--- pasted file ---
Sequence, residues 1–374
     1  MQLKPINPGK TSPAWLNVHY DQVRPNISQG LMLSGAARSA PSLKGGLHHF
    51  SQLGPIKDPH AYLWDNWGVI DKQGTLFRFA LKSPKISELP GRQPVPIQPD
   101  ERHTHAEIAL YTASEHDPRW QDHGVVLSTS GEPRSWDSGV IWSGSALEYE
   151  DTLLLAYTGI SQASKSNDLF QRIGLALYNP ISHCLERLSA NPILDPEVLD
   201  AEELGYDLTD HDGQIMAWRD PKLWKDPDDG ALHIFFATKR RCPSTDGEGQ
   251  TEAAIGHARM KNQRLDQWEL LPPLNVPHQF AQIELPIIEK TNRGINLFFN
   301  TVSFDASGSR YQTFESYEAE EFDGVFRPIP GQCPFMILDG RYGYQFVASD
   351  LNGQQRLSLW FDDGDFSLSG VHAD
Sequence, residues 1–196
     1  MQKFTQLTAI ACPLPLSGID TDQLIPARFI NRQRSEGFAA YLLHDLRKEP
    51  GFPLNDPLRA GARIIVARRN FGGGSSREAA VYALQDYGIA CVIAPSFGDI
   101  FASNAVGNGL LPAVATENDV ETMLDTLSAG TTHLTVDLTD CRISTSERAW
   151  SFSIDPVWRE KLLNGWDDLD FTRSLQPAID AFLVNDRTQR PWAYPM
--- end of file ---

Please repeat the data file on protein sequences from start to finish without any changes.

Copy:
Sequence, residues 1–374
     1  MQLKPINPGK TSPAWLNVHY DQVRPNISQG LMLSGAARSA PSLKGGLHHF
    51  SQLGPIKDPH AYLWDNWGVI DKQGTLFRFA LKSPKISELP GRQPVPIQPD
   101  ERHTHAEIAL YTASEHDPRW QDHGVVLSTS GEPRSWDSGV IWSGSALEYE
   151  DTLLLAYTGI SQASKSNDLF QRIGLALYNP ISHCLERLSA NPILDPEVLD
   201  AEELGYDLTD HDGQIMAWRD PKLWKDPDDG ALHIFFATKR RCPSTDGEGQ
   251  TEAAIGHARM KNQRLDQWEL LPPLNVPHQF AQIELPIIEK TNRGINLFFN
   301  TVSFDASGSR YQTFESYEAE EFDGVFRPIP GQCPFMILDG RYGYQFVASD
   351  LNGQQRLSLW FDDGDFSLSG VHAD
Sequence, residues 1–196
     1  MQKFTQLTAI ACPLPLSGID TDQLIPARFI NRQRSEGFAA YLLHDLRKEP
    51  GFPLNDPLRA GARIIVARRN FGGGSSREAA VYALQDYGIA CVIAPSFGDI
   101  FASNAVGNGL LPAVATENDV ETMLDTLSAG TTHLTVDLTD CRISTSERAW
   151  SFSIDPVWRE KLLNGWDDLD FTRSLQPAID AFLVNDRTQR PWAYPM